Report parameters, time slice and intervals

Report Start and End time

When retrieving performance data from SQLWATCH database we have to keep in mind the fact that this is a decentralised architecture meaning the performance is not being offloaded to a dedicated central repository but is hosted on the monitored instance and therefore we could be connecting to a production instance which could hold gigabytes of performance data. For obvious reasons we do not want to pull all the available data into PowerBI as this could have negative impact on the service.

SQLWATCH has been designed to address such scenario and thus it operates on time slice data. PowerBI reports offer a number of time parameters to minimise the impact of data retrieval.

SQLWATCH performance dashboard parameters

Behind the scenes this translates to a SQL BETWEEN operator:

WHERE [snapshot_time] > DATEADD(HOUR, [email protected]_window, @report_end_time) 
AND [snapshot_time] <= @report_end_time

where the @report_window is ReportAgeHours and @report_end_time is the EndTime in PowerBI

For example, to see last 24 hours of performance data starting now, we would put 24 in the ReportAgeHours parameter and GETDATE()  in the EndTime parameter field. To see different time slice we can simply put date time in the ISO format: ‘2018-11-25 13:00’ in the EndTime parameter field.

SQLWATCH time slice timeline

This approach allows two things to happen:

  • travel back in time and report on any time slice stored in the SQLWATCH database.
  • bring back latest data if GETDATE()  is specified in the EndTime field without changing any parameters (useful for your Morning checks).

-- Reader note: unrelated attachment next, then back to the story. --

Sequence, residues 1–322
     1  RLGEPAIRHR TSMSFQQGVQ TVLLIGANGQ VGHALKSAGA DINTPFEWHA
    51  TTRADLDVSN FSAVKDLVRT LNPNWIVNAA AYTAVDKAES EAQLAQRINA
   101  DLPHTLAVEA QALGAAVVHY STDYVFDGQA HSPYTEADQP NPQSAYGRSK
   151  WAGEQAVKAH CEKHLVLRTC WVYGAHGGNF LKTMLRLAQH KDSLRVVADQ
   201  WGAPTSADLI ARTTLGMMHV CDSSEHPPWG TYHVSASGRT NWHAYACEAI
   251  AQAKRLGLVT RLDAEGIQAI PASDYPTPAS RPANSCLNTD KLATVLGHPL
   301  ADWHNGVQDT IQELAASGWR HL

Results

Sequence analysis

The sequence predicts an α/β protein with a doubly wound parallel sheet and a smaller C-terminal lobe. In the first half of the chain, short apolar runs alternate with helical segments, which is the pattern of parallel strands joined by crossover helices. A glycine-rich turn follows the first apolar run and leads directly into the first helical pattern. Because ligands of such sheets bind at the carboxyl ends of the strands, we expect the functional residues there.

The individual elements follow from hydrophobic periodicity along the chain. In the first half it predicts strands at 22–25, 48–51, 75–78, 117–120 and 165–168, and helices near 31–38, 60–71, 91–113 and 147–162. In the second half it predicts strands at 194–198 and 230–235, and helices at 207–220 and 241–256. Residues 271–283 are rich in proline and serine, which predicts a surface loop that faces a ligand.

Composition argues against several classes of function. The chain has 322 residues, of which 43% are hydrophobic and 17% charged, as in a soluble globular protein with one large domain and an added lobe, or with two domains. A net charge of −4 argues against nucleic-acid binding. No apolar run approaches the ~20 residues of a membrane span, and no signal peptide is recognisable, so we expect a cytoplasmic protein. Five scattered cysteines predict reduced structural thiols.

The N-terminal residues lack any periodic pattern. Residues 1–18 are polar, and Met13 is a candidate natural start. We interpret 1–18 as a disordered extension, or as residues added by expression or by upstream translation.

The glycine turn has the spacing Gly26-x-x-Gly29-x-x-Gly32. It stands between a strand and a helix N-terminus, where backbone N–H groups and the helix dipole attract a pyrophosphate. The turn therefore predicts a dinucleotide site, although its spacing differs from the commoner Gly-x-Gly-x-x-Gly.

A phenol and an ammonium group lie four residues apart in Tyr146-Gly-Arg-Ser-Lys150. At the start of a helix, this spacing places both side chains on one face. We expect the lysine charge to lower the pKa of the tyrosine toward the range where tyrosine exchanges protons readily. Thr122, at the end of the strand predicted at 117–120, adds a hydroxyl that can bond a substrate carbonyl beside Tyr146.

Interval time

The third time related parameter is ReportIntervalMinutes which is the resolution (zoom) of the timeline and the delta calculation period for cumulative metrics.

For example, we may want a detailed overview of the last 4 hours of operation with interval time of 5 minutes, or a high level overview of the last 7 days with interval time equal to 1 hour. This approach reduces the number of data points and thus volume of data returned from the database.

This is best visible on the below charts.

First chart is showing 24 hours with 5 minute interval:

SQLWATCH 5 minute interval

And the same chart, also showing 24 hours but with 60 minute interval:

SQLWATCH 60 minutes interval

The below screenshots show the number of rows returned from the databases for the 5 and 60 minutes intervals over 24 hours period.

The 5 minute interval download over 21736 performance counters rows:

SQLWATCH interval rowcount

and the same report but at 60 minutes interval download 1824 rows from the performance counters table:

SQLWATCH interval rowcount

 

Conclusion

Long term storage is at heart of SQLWATCH design. To achieve this, we need an efficient way of getting the data out of the database. Different time intervals in combination with the time slicing allow very flexible data retrieval.

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